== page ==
On Kobe Bryant

Disclaimer: This based on a Facebook status I made on Jan. 30. It remains relevant almost a month later.

CW: sexual assault

So, I am a survivor, and every survivor’s response to being retraumatized by the death and/or accolades of a rapist, abuser or perpetrator is valid. I am with you. I hear you. I feel you. Not one abuser is let off the hook and absolved of what they have done. They do not deserve the victim/survivor’s forgiveness, and the victim/survivor is never obligated to forgive them.

The amount of white women who come down harder on black perpetrators than their white counterparts is concerning. I was extremely angry with how many of my peers — mostly from high school — lauded XXXTentacion after his murder, blatantly ignoring the egregious acts of sexual violence and terror he committed against his pregnant partner. These acts have been known by the public since before his rise in popularity. Pitchfork began extensively covering X’s criminal history in February 2017 when his rise in popularity began while he was behind bars. They wrote a piece in September 2017 outlining the victim/survivor’s testimony, but this made little difference to his growing fan base. Since his death on Jun. 18, 2018, Pitchfork released the transcript of the 27-minute voice memo where X confessed that he violently abused his pregnant partner. I have never come down harder on a celebrity abuser on a social media platform before X. Even though I do not talk about every rapist in real life or on any platform, the disparity in my advocacy has been clear, and for that I apologize.

There has been lots of discourse on Facebook about Kobe and the 2003 sexual assault case, particularly concerning white women coming down harder on him than on white abusers. Most white women have not seen or felt the impact of Kobe, but he was everyone’s hero in my elementary and middle school. Every throw to the trash or recycling was led by “KOBE!” The past is fuzzy for me, but I remember a lot of purple and yellow jerseys.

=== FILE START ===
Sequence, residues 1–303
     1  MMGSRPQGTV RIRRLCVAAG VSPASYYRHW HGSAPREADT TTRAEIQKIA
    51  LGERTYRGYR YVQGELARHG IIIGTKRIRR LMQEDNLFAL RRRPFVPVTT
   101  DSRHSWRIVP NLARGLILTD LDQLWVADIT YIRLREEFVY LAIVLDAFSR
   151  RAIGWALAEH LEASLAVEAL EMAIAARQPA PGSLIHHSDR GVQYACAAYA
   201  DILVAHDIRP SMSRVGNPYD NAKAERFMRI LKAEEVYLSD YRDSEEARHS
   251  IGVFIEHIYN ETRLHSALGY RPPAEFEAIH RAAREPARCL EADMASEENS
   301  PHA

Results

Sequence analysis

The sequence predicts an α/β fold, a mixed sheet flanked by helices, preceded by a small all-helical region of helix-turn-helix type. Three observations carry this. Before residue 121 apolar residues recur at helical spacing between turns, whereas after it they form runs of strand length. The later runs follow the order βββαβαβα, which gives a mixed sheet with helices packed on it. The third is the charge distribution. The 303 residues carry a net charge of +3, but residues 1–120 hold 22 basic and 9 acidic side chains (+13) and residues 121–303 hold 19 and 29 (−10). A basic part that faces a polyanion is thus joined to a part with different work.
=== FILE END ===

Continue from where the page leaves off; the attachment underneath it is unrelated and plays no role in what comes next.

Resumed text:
Kobe’s talent and impact is not a reason to let 2003 slide. In writing this, I am in no way saying he deserves a pass.

But Kobe is incredibly different than other perps, such as Brett Kavanaugh, Brock Turner, Donald Trump, David Bowie, Harvey Weinstein, Amber Heard, John Lennon, Jimmy Page, XXXTentacion, Michael Jackson or Bill Cosby — Kobe acknowledges the encounter happened.  He listened to the survivor and came to understand what he did was wrong:

“Although I truly believe this encounter between us was consensual, I recognize now that she did not and does not view this incident the same way I did,” Bryant said in his statement. “After months of reviewing discovery, listening to her attorney, and even her testimony in person, I now understand how she feels that she did not consent to this encounter.”

Unfortunately, I have come to know many rapists, abusers and perps in the four and a half years I’ve been at Lawrence, as well as others at home. The majority of them will never understand what they did or how their actions affected the victim/survivor, or even care at all. Only a handful of folks I know seem to fully understand and feel the weight and severity of their actions to the point where they would never do that to a human being ever again. Obviously, I do not personally know Kobe Bryant, but he has grown to become a great father to four daughters, as well as a husband. His fourth daughter is not even a year old yet. She will have no memory of her father or of her sister Gianna. If anyone has learned from and grown from his mistakes, it is Kobe Bryant.

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